If these considerations are correct, TNM might perform differently in patients receiving high dose radiotherapy compared with the surgical patients in the IASLC database. There is some evidence to suggest that this is indeed the case.

An analysis of the IASLC 7th edition database restricted to 868 patients treated with radical radiotherapy or radiochemotherapy revealed longer survival in patients with tumors 3 cm in diameter or smaller (T1); however, unlike the surgical population, evidence of an effect of tumor size on survival above this was weak (6). The T descriptor represents the size of the primary tumor in one dimension only, so two tumors with the same T stage could have very different sizes if measured by volume. In a prospective study of the Trans-Tasman Radiation Oncology Group (TROG 99.05), tumour volume was prospectively measured in 509 patients having radical radiotherapy or chemoradiotherapy for locoregional non-small cell lung cancer (7). Survival was measured according to volume grouped in four quartiles. As in the IASLC analysis, the longest survival was seen in the quartile with the smallest volumes. Tumor volume did not however provide additional prognostic information beyond TNM (6th edition). Particularly interesting was the observation that in the first 18 months after registration, there was a strong relationship of tumor volume to survival, but after that, the relationship disappeared. At five years the survival was similar at around 20% in all quartiles. Why should there be long term survivors in patients with the largest tumors, supposedly the group in whom radiotherapy is likely to be least effective? Clearly the total number of tumorigenic cells is not the only determinant of outcome. Tumor volume tells us nothing about what proportion is stroma, necrosis or inflammation, and nothing about intrinsic radiosensitivity, oxygenation or metastatic propensity. It seems likely that some tumors can only grow to a very large size for the reason they do not possess the metastatic phenotype, thus removing a major competing risk for death.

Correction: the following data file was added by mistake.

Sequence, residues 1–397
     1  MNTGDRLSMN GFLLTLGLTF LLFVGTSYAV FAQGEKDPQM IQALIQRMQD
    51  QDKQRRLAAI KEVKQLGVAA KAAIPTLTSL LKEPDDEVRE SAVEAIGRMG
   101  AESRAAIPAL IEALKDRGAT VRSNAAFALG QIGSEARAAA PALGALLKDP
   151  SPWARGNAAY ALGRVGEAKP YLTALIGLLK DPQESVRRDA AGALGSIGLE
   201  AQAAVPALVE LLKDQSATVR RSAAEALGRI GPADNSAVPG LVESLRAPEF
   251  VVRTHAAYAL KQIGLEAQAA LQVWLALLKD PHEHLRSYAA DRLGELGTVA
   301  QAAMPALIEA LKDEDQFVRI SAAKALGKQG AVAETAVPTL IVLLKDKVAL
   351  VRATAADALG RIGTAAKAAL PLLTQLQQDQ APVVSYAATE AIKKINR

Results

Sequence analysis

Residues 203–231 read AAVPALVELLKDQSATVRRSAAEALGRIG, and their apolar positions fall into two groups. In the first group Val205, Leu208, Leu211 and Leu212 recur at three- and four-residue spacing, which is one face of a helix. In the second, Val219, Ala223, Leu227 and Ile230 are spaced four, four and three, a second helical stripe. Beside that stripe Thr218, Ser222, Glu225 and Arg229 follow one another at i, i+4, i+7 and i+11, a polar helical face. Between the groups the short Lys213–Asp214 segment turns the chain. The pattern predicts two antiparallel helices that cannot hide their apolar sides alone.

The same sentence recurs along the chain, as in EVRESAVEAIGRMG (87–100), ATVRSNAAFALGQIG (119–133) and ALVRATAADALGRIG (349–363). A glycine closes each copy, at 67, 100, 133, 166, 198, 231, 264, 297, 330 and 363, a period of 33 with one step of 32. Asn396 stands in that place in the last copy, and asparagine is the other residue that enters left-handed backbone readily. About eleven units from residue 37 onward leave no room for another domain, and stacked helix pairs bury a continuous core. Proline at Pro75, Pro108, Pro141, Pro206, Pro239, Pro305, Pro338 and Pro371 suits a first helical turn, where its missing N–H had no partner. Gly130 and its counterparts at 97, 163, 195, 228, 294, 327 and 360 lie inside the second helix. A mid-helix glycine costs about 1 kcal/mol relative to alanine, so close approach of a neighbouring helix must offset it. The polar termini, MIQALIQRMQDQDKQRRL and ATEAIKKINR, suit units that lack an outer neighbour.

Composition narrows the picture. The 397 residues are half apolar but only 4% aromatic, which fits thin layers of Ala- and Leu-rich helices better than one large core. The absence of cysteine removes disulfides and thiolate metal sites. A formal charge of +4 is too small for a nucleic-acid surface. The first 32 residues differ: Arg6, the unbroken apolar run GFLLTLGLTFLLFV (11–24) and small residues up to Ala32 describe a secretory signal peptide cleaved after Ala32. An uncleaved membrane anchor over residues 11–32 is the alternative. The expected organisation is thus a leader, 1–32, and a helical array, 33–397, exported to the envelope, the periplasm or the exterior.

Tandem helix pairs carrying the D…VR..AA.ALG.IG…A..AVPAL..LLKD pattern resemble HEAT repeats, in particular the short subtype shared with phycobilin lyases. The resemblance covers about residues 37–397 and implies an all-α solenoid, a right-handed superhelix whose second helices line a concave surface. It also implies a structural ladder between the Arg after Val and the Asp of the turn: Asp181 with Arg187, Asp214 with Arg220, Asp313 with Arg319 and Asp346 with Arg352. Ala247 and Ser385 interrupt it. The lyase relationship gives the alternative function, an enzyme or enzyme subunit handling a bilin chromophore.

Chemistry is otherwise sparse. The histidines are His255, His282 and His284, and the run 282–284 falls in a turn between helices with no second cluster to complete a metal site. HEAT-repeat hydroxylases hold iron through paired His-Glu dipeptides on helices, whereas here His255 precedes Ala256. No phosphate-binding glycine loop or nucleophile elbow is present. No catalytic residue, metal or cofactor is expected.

The methodology for the preparation of the 8th edition was similar to that for the 7th edition, but included prospectively collected data. The majority of the cases came from Asia, and the analyses were based on patients who had complete surgical resection. The 8th edition expanded the number of T stage size descriptors from five to seven (8). In addition to size, other T category descriptors remain, legacies of Dr. Mountain’s 2nd edition. Some still appear to have prognostic significance, such as diaphragmatic invasion; for others there are insufficient data to determine if they should be left in or out (for example vertebral invasion). It seems unlikely, with his limited database, that Dr. Mountain had strong evidence for some of his descriptors one way or the other. Apart from technical resectability, there seems no biological rationale, as there is for tumor size, why some of these descriptors should carry an adverse prognosis.